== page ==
A stretch of the Rogue River upstream of Dodge Bridge is known to old-timers as McGraw's after the former owner, while relative newcomers call it Duffy's after its current owner.

But upper Rogue driftboaters last week knew the reach as Impassable after this winter's high water moved the gravel around enough and plopped a few 100-year-old oak trees into it to create a new navigational hazard.

It's just one part of the upper Rogue altered by high water this winter, and it has marine-patrol officers playing a cat-and-mouse game with nature as they try to figure out if, when and how to alter some of these features for driftboating safety — or whether they should wait to see if future high-water events this winter wash those ills away.

"Usually at this time of year, guys in driftboats know what they're doing," says Jason Denton, a marine deputy for the Jackson County Sheriff's Department. "But those guys who go down on memory really need to pay attention.

"Some of that stuff out there can kill somebody, and right now I don't know how much of it we can clean up," he says.

Denton's navigational nightmares normally come in spring when the orange armada of inflatable kayaks invade the upper Rogue, where root-wads, overhanging limbs and odd hydrology regularly conspire to separate floaters from their crafts.

But this winter's stormy events have upped the ante during the normally staid winter steelhead fishing season, when most driftboaters who ply the upper Rogue reaches are seasoned boaters who can normally navigate the stretch as if they were walking to the bathroom in the dark.

Many of the alterations occurred earlier in the season during two high-water events that pushed the upper Rogue within inches of flood level at Dodge Bridge, according to U.S. Geological Survey records. But they didn't come into play for boaters because upper Rogue flows remained relatively high until last week, when dry weather and a drop in Lost Creek Lake releases caused new hazards to pop up throughout the popular boating stretch.

Places like the first rapid downstream of the Shady Cove boat ramp, water downstream of Fishers Ferry boat ramp near the old Gold Ray Dam site and the stretch downstream of the Slide Hole upstream of Trail have all been flagged as spots with dicey passage.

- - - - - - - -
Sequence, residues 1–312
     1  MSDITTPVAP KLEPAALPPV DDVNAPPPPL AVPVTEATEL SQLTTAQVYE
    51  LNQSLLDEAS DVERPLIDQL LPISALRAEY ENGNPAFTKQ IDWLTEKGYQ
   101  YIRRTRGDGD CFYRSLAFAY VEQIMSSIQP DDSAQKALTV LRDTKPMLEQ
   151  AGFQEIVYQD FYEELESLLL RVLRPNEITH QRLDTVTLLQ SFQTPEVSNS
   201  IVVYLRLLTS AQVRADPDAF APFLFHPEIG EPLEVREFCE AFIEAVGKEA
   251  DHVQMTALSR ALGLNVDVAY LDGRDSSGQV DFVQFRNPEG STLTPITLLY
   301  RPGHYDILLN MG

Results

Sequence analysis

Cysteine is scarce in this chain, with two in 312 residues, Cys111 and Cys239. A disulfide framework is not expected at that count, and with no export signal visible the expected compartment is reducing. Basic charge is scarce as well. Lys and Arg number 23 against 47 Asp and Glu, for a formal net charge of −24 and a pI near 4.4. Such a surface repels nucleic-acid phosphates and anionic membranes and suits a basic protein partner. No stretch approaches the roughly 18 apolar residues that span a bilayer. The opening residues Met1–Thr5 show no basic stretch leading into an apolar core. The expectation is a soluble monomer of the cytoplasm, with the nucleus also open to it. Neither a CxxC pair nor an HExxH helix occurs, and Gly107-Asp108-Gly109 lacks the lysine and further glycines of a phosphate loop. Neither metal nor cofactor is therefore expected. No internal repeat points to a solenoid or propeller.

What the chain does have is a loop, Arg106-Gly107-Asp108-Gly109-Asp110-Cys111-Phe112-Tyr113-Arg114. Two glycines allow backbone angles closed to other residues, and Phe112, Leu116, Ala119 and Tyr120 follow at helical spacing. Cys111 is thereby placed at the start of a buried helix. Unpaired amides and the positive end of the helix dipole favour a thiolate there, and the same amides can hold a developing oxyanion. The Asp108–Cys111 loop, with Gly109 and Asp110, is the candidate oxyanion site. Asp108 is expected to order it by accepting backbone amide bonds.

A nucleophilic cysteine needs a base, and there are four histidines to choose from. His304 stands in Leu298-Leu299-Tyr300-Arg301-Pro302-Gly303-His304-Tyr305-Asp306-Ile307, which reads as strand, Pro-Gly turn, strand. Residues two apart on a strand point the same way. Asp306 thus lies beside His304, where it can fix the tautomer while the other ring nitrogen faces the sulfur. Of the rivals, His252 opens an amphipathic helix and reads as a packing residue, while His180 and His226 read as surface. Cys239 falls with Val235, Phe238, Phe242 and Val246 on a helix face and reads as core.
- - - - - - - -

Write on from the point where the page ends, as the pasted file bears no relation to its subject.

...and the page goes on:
The worst changes have occurred within a stretch of water between the Taklema and Dodge Bridge boat ramps, where a combination of a snaking channel, loose gravel, an aggressive drop in elevation and massive oaks with spiny root wads all conspire against boaters. 

"It changes dramatically every year," Denton says.

This year's change begins at a place known as Buzzard Hole, where the Rogue tapers over a wide gravel bar before plunging into a deep hole lined by large boulders placed to fortify the bank against the water's force. It's name comes from turkey vultures that roost in nearby trees waiting to feast on dead spring chinook salmon that collect in an eddy there.

But the buzzards might be a different omen if conditions don't change.

High water deposited two large oaks on the shallow approach, blocking the traditional pathway. At last week's flows, driftboats traveled to the right of the trees, but in shallow water that likely won't be possible during summer flows.

Denton intends to wade out and trim the root-wads to render them less dangerous to boaters.

Trimming of woody material in the Rogue is done after consultation with Oregon Department of Fish and Wildlife biologists to ensure wild fish habitat is not unnecessarily damaged, Denton says.

While a bane to boaters, overhanging branches and partially submerged logs provide refuge for young wild salmon and steelhead rearing in the river, as well as resting spots for migrating adults.

"If it's not going to hurt anybody, we leave it for the fish," he says.

The most glaring obstacles, however, have been farther downstream at Duffy's, where the river parts into three channels around two gravel islands. Since the New Year's Day flood of 1997, either the left or center channels have been the driftboaters' thruway.

Last year, high water deposited a large root-wad in the only passable channel — the center — and it had to be winched out by a private contractor. That type of emergency work is paid through a $20,000 Oregon State Marine Board fund set aside to handle navigational emergencies, says Randy Henry, who oversees the Marine Board's law-enforcement program.

Denton powered the marine patrol's jet boat into that same reach last week to inspect the channels, all of which became impassable as water levels dropped below 2,300 cubic feet per second. He chainsawed a log jam to allow the far left channel to be passable again.

"That's going to be the best way to go, for now," Denton says.

Denton hopes a future storm will alter that area's gravel enough to force more water down that left channel, or those who know it as McGraw's and others who know it as Duffy's will see that Impassable moniker linger.

"If nothing changes and the river drops six inches, you won't get over that gravel bar anywhere," Denton says. "It'll be interesting to see."

Reach Mail Tribune reporter Mark Freeman at 541-776-4470 or mfreeman@mailtribune.com. Follow him on Twitter at www.twitter.com/MTwriterFreeman.